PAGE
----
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UK lawyers' report - 18 months on
 
[3 December 2013] – On 26 June 2012, a delegation of UK lawyers published the report – Children in Military Custody. The Foreign Office funded report reviewed how children are treated in Israel’s military court system taking into account both the legal framework and practice. The report found breaches of the UN Convention on the Rights of the Child and the Fourth Geneva Convention and concluded by making 40 specific recommendations.
 
Eighteen months on, MCW has published a report (MCW progress report – 18 months on) in which the 40 recommendations made by the UK lawyers are reviewed and individually assessed as to whether they have been substantially or partially implemented, or not implemented at all. The findings of the review are presented below.

#
Compliance
Number
Percentage
1
Substantially implemented
2
5%
2
Partially implemented
3
7.5%
3
Not implemented
35
87.5%
 

During the past 18 months there have been a number of positive developments in the military court system, such as: a reduction in the time in which children must be brought before a military court judge for the first time; a reduction in the time a child can be detained before being charged; no children held in administrative detention; children generally being separated from adults in detention; a monthly decline in the number of children detained this year; and for the past two months, no record of any child under 14 being detained in Israeli prisons.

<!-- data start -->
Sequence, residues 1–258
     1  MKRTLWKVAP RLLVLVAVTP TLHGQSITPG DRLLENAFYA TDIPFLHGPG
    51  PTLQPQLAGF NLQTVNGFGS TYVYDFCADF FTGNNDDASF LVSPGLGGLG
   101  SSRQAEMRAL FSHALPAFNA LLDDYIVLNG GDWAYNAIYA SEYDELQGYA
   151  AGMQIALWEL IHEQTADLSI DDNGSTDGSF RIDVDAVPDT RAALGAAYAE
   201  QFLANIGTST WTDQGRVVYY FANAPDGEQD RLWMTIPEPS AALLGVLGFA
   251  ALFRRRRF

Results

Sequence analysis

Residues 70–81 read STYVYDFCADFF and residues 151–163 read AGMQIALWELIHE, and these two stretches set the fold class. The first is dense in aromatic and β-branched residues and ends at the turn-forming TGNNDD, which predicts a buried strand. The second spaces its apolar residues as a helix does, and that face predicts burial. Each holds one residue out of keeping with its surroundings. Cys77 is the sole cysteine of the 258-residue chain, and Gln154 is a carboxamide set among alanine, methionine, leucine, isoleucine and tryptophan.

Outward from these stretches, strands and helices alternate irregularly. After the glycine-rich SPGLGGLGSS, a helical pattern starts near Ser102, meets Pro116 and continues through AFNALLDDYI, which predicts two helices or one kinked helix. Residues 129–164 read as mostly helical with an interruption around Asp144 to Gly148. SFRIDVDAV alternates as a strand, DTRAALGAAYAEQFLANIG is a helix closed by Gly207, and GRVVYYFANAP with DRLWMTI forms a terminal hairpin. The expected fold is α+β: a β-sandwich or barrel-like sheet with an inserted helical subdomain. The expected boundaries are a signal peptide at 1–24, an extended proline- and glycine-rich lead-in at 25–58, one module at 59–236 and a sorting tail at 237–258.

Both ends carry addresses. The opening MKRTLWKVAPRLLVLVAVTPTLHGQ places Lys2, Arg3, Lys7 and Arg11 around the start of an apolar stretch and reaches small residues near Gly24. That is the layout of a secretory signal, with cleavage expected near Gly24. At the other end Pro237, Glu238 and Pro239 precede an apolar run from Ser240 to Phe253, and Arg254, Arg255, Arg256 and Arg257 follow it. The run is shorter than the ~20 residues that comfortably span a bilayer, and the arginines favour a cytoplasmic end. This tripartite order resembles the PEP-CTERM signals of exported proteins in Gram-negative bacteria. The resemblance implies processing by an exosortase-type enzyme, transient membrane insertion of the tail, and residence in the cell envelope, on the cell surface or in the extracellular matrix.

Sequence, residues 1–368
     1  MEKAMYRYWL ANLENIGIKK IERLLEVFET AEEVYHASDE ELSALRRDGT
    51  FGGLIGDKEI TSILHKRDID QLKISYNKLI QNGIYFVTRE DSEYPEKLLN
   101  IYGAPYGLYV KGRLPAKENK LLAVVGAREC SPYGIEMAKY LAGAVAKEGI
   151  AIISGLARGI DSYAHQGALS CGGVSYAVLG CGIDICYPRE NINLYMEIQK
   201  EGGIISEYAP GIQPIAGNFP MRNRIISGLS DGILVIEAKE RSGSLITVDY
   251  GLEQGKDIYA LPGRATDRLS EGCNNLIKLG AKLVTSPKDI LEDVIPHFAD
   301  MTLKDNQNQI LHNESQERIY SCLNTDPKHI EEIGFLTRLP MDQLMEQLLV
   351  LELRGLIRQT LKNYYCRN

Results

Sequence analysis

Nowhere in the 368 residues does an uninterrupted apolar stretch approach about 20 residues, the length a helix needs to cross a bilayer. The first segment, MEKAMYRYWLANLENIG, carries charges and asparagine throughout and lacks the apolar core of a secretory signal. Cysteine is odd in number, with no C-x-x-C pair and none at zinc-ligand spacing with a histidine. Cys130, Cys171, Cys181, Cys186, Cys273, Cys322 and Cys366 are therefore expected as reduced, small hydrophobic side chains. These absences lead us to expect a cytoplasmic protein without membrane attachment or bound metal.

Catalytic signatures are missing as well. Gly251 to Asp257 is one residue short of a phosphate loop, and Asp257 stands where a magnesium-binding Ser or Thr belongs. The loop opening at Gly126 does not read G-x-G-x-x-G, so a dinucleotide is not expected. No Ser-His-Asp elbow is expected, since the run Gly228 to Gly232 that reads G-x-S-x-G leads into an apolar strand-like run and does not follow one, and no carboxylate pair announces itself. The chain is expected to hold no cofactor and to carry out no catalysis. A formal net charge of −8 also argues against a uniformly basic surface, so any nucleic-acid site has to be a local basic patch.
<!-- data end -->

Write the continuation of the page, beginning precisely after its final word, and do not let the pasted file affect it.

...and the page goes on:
However, the ultimate litmus test of the system is how children are treated. Based on affidavit evidence collected by both MCW and UNICEF, little appears to have changed since UNICEF concluded in March 2013 that: “The ill-treatment of children who come in contact with the military detention system appears to be widespread, systematic and institutionalized throughout the process, from the moment of arrest until the child’s prosecution and eventual conviction and sentencing.”
 
MCW submits that it is unrealistic to expect any substantive improvement in the system until adequate protection is provided during the first 24 hours following arrest. There are six core recommendations that, if effectively implemented, would provide the necessary protection:
  1. Children should only be arrested during daylight hours except in rare and exceptional circumstances. In all other cases summonses should be used;

  2. All children, and their legal guardian, should be provided with a written statement in Arabic informing them of their full legal rights in custody;

  3. All children must consult with a lawyer of their choice prior to questioning;

  4. All children must be accompanied by a family member throughout their questioning;

  5. Every interrogation must be audio-visually recorded and a copy of the tape must be provided to the defence prior to the first hearing; and

  6. Breach of any of the above recommendations should result in the discontinuation of the prosecution and the child’s immediate release.
 
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